White Rose University Consortium logo
University of Leeds logo University of Sheffield logo York University logo

Understanding the Erosion – Corrosion Behaviour of Generic Types of Stainless Steels in a CO2 – Saturated Oilfield Environment

Majeed, Mohammed Nabeel (2018) Understanding the Erosion – Corrosion Behaviour of Generic Types of Stainless Steels in a CO2 – Saturated Oilfield Environment. PhD thesis, University of Leeds.

[img]
Preview
Text
Majeed_MN_Mechanical_PhD_2018.pdf - Final eThesis - complete (pdf)
Available under License Creative Commons Attribution-Noncommercial-Share Alike 2.0 UK: England & Wales.

Download (8Mb) | Preview

Abstract

Using of Corrosion Resistant Alloys (CRAs) specifically stainless steels is considered as one of the most effective corrosion control strategies in the oil and gas industry when aggressive environments such as carbon dioxide and chloride ions may be present. This is due to presence of a compact and protective passive film on their surfaces which acts as a barrier between the substrate and the surrounding corrosive environment. However, presence of sand particles in the flowing fluid can reduce the superior corrosion resistance of these alloys because of passive film removal by sand particles impact leaving the substrate exposed directly to corrosive environments. This phenomenon is commonly known as “erosion-corrosion”. Sand particles impact may also lead to significant surface and subsurface changes and the latter has a great influence on the erosion and erosion-corrosion resistance of stainless steels knowing that the latter vary in their chemical composition and their mechanical properties. For this reason, it is important to understand how these materials will behave under erosion and erosion-corrosion conditions. The effect of the static corrosion behaviour on the erosion-corrosion resistance of stainless steels as a function of temperature was investigated. Also, how stainless steels degrade under erosion and erosion-corrosion conditions and specifying the factors contribute to their failure have been addressed. Moreover, the study has investigated how the percentage of contribution of total weight loss components of stainless steels changes with impact angles. Gravimetric and electrochemical measurements in addition to post-test surface analysis including micro indentation hardness test, surface optical profilometry (Bruker- NPFLEX), Scanning Electron Microscopy (SEM), Focused Ion Beam (FIB), Transmission Electron Microscopy (TEM) were used to explain the degradation behaviour of the studied materials under erosion-corrosion conditions. It has been found that there is a good correlation between the static corrosion behaviour and the erosion-corrosion resistance of stainless steels. For example, a good link between the repassivation ability under static conditions (i.e. (Eb-Er) and imax) and erosion-enhanced corrosion was existed. Also, the same parameters linked well with the repassivation time under erosion-corrosion conditions. Moreover, results revealed that the change in hardness can be used as a prediction parameter to erosion resistance of stainless steels in severe conditions. Furthermore, impact angle has a significant effect on the percentage of total weight loss component contribution. It was found that the percentage of the corrosion-enhanced erosion contribution to be responsible for a distinct erosion-corrosion resistance of stainless streels.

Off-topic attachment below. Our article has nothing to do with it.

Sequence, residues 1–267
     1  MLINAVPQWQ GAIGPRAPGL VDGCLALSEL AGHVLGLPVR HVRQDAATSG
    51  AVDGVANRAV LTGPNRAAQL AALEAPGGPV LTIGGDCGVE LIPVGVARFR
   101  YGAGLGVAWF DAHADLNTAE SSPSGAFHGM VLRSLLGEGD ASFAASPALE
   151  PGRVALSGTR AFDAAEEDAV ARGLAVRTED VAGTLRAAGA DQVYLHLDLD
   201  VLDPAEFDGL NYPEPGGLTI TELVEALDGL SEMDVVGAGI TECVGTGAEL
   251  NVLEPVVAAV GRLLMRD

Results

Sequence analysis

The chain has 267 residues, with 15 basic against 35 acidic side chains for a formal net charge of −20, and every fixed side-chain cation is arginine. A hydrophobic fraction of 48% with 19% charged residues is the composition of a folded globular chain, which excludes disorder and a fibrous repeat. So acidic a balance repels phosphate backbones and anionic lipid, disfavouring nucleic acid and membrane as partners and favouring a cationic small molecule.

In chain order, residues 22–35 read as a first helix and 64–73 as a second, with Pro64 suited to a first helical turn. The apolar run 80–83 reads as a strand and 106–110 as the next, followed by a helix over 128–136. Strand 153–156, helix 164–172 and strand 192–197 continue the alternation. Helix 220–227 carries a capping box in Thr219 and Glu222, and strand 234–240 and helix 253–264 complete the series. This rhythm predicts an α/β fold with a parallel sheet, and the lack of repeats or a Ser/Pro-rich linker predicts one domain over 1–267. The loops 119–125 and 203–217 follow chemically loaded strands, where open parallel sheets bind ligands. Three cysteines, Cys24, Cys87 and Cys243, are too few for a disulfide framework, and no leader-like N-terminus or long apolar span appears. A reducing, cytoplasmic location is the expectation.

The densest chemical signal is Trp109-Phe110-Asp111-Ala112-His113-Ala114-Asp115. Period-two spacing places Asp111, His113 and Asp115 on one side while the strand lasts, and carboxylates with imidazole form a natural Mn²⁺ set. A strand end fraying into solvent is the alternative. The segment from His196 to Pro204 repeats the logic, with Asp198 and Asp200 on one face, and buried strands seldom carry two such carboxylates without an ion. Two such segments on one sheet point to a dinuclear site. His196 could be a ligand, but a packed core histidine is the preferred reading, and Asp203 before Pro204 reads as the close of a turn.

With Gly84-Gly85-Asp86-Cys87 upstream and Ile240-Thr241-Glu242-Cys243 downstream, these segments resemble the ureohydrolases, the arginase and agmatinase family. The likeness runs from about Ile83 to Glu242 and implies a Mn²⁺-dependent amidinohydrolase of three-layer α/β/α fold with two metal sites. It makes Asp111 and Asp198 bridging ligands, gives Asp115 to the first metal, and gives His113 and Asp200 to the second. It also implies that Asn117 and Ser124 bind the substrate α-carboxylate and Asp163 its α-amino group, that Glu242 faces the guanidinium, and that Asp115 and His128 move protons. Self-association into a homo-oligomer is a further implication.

Item Type: Thesis (PhD)
Keywords: Erosion-Corrosion, Stainless Steels, CO2-Corrosion
Academic Units: The University of Leeds > Faculty of Engineering (Leeds) > School of Mechanical Engineering (Leeds) > Institute of Engineering Thermofluids, Surfaces & Interfaces (iETSI) (Leeds)
Identification Number/EthosID: uk.bl.ethos.745629
Depositing User: Mr Mohammed Majeed
Date Deposited: 29 Jun 2018 12:20
Last Modified: 25 Jul 2018 09:57
URI: http://etheses.whiterose.ac.uk/id/eprint/20844

You do not need to contact us to get a copy of this thesis. Please use the 'Download' link(s) above to get a copy.
You can contact us about this thesis. If you need to make a general enquiry, please see the Contact us page.

Actions (repository staff only: login required)